Thursday, July 26, 2012

Nature Meets Nature

The writing prompt: There seem to be three camps. One is nature, one is nurture, and the third is a little bit of both. Which camp are you in? How did you come to this conclusion? What did you get from your parents (either set depending on your camp)? What is uniquely you?

I’ve been tossing this prompt around in my head for a few weeks, and have enjoyed the responses put up so far by other Lost Daughter contributors. The concepts of nature and nurture are on my mind in a particularly poignant way in this moment. I am in the process of navigating a nascent reunion with my biological father, and, if all goes according to plan, I will meet him in person for the first time ever in a few days. At the time of this writing I am at my adoptive family home where I am vacationing for a week. I am, in fact, composing this post from my childhood bedroom. Memories of nurture are all around me, and it is in this environment that I am processing my recent phone calls from my original father. We talked for almost an hour last week, and, among other things, he recommended a book for me. I immediately downloaded it to my Kindle and have been reading it here on vacation these last few days; bookish person that I am, there are few things that could have delighted me more than to have been given a reading assignment by my biological father!

But what’s mostly been on my mind these past few days in terms of this prompt is the two meanings of “nature.” In the context of “nature vs. nurture,” “nature” refers to those innate characteristics that come to us from our biological families. As an adoptee in reunion there is no question in my mind that nature in this sense plays a significant part in my life. I am similar to my both of my biological parents and to my biological brother in countless ways. “Nature” is also used to refer to the natural outdoor world in contrast with those things, such as cities, that are human created. This sense of “nature” is a big part of what has nurtured me throughout my life. My adoptive home happens to be in a geographical location known for its spectacular examples of nature.

There is a section of rocky coastline near my adoptive family’s house that is of particular importance to me. My early memories involve walking along it with my adoptive mother, stopping along the way to look for shells and seaglass. Later, in my teen years when our relationship was often less than harmonious, it was to this spot that I fled to sort out the range of emotions and experiences that come with adolescence. There wasn’t a break up or an emotional crisis of any kind that didn’t bring me to these shores. Now I live hours away in a landlocked location, but this section of nature has not ceased to be important to me. It is one of the reasons I am here now. I start to feel a little crazy when I’m away from this coastline for too long; I need to get back here every once in a while to “reset” myself.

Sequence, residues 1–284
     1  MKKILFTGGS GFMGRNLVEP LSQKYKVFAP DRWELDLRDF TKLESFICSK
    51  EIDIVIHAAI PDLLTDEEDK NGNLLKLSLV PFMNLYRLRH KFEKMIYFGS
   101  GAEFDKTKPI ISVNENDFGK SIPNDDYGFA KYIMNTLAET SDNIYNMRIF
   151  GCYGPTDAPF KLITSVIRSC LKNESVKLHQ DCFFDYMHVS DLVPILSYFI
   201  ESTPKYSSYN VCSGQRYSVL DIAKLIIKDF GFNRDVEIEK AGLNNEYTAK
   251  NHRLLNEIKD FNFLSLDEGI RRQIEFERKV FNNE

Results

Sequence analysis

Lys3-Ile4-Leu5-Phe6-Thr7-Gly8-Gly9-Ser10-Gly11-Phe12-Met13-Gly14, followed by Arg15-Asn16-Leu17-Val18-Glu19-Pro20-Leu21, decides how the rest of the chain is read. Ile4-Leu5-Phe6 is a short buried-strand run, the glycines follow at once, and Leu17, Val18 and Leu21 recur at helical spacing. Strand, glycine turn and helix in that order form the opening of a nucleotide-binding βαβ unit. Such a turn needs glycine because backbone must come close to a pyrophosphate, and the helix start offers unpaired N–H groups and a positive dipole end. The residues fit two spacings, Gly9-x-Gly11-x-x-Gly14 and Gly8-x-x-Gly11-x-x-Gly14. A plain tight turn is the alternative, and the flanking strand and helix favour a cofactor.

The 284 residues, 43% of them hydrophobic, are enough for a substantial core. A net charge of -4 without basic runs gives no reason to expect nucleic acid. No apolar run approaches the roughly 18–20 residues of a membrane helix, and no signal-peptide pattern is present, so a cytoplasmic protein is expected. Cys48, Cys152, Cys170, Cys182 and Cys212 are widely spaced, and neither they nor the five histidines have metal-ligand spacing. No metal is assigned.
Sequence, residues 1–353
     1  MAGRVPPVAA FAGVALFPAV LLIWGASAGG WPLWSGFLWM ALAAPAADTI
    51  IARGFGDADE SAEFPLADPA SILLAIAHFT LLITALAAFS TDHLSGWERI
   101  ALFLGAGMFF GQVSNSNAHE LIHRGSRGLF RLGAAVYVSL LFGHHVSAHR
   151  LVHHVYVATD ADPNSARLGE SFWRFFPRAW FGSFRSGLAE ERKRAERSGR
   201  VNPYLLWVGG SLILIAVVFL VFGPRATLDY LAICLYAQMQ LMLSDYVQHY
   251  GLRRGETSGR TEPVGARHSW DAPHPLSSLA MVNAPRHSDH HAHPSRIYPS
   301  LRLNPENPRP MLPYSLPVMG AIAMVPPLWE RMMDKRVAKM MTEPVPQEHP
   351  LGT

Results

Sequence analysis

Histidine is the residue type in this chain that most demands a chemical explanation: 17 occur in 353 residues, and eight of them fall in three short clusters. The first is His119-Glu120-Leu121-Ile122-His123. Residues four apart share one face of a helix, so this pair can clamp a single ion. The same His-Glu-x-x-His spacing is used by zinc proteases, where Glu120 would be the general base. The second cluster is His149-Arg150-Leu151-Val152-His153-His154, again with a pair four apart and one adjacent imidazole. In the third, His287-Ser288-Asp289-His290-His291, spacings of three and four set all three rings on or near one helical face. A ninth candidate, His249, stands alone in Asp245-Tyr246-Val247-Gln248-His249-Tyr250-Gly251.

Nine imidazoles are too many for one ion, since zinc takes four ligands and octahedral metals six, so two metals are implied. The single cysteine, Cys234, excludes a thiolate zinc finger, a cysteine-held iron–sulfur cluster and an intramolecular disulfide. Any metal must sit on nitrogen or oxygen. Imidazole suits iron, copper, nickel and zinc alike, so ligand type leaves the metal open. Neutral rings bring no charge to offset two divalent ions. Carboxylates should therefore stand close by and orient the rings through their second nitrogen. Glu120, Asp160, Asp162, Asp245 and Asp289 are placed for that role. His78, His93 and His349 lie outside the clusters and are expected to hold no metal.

Last week on the phone I told my biological father about my emotional and psychological connection to the shore. I explained how when I come home I walk down to the water at the first opportunity. I described how I feel when I am walking there, and how I feel when I arrive, how my problems seem to melt away and situations that defied solution click into place. Whatever has been cloudy in my mind becomes clear, and whatever has gotten off center in me comes back into alignment. When I am at the water’s edge, everything makes sense. He listened to my words and then said simply, “You are your father’s daughter.”

Funny that! I’ve never been able to subscribe to the blank slate theory, and to be perfectly honest, the whole “nature versus nurture” debate has never much interested me as a debate because it has long seemed to obvious to me that both factors play a role. How could they not? Each of my reunions has brought a clearer understanding of the nature side of the equation. If pressed I have to admit that I’m probably more like my biological family than my adoptive one, but there’s a factor of upbringing involved in this, too. I was fortunate to have adoptive parents who, though they had (and have) behavioral and moral expectations, did not place many expectations on me in terms of interests and personality, thus allowing my “nature” to emerge by way of their “nurture.”

In an adoptive life, the threads of nature and nurture are intertwined and sometimes indistinguishable. What drives me to the water’s edge? Some Scandinavian longing for the sea that I share with my biological father? Or long association and habit as nurtured by my adoptive parents’ choice of residence? We adoptees often find ourselves torn between two worlds, belonging fully in neither, but on rare occasions the opposite is true. When I am with my ocean, I am doubly at home.